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Why did UKGC Suspend Triplebet’s Licence?



Triplebet's Licence

The British Gambling Commission (UKGC) has now revealed the details of Triplebet’s licence suspension. The UKGC reports serious failings by the Matchbook operator in the aspects of social responsibility, anti-money laundering (AML), and due diligence inquiry into syndicates.

The commission has suspended the operations license of Triplebet since  18th February after a two-year review of the operator. It wasn’t just a single case. During last year many independent bookmakers for UK players were fined by British Commission for several gambling activities against UKGC terms.

License Suspension

The regulator spotted examples of players who were not given sufficient anti-money laundering interaction by the matchbook operator. In one instance, a player staked more than £2m in one day without having been subjected to any source of funds or wealth checks. One other player made a deposit and withdrawal of a large sum of money in a single same-day without placing any bets, with no form of AML check carried out.

Matchbook did nothing to monitor or interact with the alleged player.

A different bettor lost a whopping $714,000 in one year before the British Gambling Commission raised suspicions that the money may be connected to a family member who had previously been convicted of gambling-related misconducts.

Triplebet stated that many of these players were known to be professional gamblers and thus had low risks of money laundering. However, the operator could not produce any evidence to back up these claims.

For the Matchbook’s ten most consistent players on their sports betting exchange, the UKGC said only basic address and identity checks were carried out, with no risk profiles or source of funds checks undertaken.

AML and Social Responsibility Failings

The regulator stated that Triplebet had failed to set out any objective criteria for reclassifying the money-laundering risk level of its players or to point out any enhanced due diligence AML measures for its high-risk customers.

The commission added that the operator did not release any guidelines for when there should be a source of funds investigation and pointed out that Triplebet’s recording process was inadequate.

Triplebet also supported account-to-account funds transfers, which was an apparent risk for money laundering according to the regulators. Within the timeframe of November 2014 and May 2018, funds of approximately £3.2 million and $2.4 million had been transferred from British customers to other customers in different places, with up to £1.1 million and $1.8 million going the other way.

Triplebet could not provide any record refusal for an account-to-account transfer.

While Triplebet stated that no proof of actual money-laundering was discovered, the commission maintained that this does not mean the business did not violate the area’s License Conditions and Codes of Practice (LCCP).

In terms of social responsibility, the UKGC cited the instance of a bettor who gambled a “huge sum” for several hours during the day and also late at night on consecutive days without facing any interaction.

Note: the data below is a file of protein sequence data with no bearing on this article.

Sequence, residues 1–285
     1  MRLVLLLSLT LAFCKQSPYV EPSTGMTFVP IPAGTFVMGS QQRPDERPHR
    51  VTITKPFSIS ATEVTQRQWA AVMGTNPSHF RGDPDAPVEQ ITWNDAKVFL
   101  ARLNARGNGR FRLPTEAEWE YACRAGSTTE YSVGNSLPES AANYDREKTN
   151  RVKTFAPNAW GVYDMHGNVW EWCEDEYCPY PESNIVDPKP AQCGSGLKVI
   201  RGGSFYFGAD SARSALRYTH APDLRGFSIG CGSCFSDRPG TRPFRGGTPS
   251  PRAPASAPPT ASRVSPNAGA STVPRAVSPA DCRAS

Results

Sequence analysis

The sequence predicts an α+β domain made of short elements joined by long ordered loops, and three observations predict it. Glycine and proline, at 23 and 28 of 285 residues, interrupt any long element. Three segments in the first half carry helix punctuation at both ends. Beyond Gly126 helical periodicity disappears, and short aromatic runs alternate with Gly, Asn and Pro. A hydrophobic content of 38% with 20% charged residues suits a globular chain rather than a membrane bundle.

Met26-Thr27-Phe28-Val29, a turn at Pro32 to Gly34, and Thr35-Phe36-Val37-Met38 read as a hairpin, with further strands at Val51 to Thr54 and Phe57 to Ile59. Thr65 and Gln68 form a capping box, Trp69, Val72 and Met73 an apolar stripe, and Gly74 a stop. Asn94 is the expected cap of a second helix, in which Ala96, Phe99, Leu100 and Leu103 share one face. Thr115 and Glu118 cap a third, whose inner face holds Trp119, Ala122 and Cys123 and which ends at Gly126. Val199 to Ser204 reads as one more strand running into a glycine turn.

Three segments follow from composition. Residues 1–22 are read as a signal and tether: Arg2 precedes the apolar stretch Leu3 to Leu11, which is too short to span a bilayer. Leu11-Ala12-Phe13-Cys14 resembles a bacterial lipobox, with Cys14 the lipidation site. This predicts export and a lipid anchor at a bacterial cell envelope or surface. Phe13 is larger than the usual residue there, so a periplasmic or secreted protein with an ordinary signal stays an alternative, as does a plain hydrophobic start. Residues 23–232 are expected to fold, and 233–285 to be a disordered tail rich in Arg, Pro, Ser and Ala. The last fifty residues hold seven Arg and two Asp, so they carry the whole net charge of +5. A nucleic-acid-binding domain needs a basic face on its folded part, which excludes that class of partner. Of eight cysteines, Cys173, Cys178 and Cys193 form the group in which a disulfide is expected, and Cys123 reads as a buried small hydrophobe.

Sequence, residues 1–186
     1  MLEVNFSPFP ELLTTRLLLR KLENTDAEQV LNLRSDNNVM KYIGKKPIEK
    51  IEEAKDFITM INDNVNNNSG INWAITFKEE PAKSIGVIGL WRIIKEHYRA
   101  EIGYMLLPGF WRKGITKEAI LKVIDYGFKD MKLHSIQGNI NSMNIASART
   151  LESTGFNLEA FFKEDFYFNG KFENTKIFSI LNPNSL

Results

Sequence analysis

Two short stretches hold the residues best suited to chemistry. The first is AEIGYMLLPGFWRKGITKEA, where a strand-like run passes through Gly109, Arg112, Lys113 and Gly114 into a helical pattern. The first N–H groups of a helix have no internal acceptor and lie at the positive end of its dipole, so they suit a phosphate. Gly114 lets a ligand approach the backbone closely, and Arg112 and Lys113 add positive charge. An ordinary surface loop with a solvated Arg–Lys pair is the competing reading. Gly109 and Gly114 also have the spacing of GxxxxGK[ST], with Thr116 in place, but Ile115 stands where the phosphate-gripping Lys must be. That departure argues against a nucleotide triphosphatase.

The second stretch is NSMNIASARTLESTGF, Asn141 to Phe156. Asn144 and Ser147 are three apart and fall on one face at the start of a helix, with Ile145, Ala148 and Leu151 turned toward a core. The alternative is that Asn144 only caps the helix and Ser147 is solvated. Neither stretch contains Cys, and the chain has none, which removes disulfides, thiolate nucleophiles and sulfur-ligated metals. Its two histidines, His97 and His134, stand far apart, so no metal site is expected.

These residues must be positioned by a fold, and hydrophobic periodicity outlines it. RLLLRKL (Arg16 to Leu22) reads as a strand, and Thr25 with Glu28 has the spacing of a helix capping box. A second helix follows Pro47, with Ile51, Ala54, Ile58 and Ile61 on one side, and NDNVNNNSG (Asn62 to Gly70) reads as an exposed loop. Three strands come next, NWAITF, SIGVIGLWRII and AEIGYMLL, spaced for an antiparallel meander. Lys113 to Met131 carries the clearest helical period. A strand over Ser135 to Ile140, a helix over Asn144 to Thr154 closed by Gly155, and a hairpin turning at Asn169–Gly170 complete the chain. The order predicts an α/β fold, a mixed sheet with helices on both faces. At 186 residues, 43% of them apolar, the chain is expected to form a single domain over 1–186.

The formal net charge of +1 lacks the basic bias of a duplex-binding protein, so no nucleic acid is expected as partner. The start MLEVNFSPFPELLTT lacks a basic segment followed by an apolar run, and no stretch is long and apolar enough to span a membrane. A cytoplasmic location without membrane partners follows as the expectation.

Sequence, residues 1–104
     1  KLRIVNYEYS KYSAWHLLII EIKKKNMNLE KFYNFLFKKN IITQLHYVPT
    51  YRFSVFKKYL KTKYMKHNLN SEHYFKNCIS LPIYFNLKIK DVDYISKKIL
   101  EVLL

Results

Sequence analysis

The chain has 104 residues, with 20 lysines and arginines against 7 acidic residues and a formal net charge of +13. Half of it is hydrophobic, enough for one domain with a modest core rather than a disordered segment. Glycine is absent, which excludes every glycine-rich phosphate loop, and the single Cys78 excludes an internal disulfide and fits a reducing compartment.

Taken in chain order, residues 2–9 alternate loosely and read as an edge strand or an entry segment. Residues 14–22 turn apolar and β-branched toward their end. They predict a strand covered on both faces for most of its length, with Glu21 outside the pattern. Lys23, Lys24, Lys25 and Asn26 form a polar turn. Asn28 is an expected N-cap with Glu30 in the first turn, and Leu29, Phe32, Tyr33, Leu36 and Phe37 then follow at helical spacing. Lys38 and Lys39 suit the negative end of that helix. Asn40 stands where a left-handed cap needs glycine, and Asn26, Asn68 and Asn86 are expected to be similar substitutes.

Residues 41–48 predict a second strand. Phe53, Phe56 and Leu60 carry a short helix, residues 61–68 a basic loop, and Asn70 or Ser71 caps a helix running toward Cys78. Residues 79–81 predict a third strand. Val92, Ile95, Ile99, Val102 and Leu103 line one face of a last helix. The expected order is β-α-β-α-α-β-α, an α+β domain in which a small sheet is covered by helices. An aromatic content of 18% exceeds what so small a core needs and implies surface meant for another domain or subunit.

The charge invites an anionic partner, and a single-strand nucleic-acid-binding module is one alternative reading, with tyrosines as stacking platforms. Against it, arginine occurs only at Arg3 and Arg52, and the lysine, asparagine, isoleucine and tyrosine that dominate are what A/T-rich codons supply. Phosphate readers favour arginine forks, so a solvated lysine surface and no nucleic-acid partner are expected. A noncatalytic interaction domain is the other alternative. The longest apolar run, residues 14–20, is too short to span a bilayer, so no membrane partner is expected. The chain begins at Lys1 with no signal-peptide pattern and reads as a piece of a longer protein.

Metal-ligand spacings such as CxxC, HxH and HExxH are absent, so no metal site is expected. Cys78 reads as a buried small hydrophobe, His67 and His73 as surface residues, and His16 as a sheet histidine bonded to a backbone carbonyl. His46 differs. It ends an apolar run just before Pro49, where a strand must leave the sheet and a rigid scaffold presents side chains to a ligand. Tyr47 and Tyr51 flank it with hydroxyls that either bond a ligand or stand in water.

A further instance was of a player who had previously self-excluded and reopened his account six months later and proceeded to play for 10 hours a day on consecutive days. This led to a loss of significant amounts before he self-excluded again.

The commission also reported that one of largest customers owned by Triplebet was a syndicate, whose major contributor possessed a “beneficial interest” in the Matchbook business. This syndicate allegedly stalked over $55 million on Matchbook’s exchange with no form of documented risk assessment.

Another player was reported to have lost $714,000 in a single year, without any proof of due diligence being undertaken by the Matchbook provider.

When asked to make its social responsibility policy available, the only thing Triplebet was able to produce was a customer-facing document, rather than the internal document that is required in the LCCP.

All of these failings are what prompted the commission’s regulatory panel to take up a review of the business’s practices. iGB is aware that, after the UK Gambling Commission started its review of its methods, Triplebet had engaged the services of Alvarez and Marsal, which is a performance improvement consultancy.

The commission ensured to acknowledge that as of June 2018, Triplebet had taken the step to adopt a practical, responsible gambling policy. Nevertheless, Triplebet had not successfully adopted all the recommendations as at the time of the license hearing in the latter part of January, after deciding to implement them in different phases. Because of the shortcomings, the licence was suspended.

Triplebet was also slammed with a fine of £739,099 by the commission.

In addition to the £739,099 fine, the commission also imposed more conditions on Triplebet’s license that required it to implement in full the consultants’ recommendations. The Matchbook provider is also required to provide auditors’ reports every six months and ban all forms of account-to-account transfers. 

The recommendations offered by Alavarez and Marsal included new policies regarding the fair treatment of clients, setting up of a compliance committee, putting a new responsible gambling algorithm in place, and also progress towards Safer Gambling Standard certification by Gamcare.

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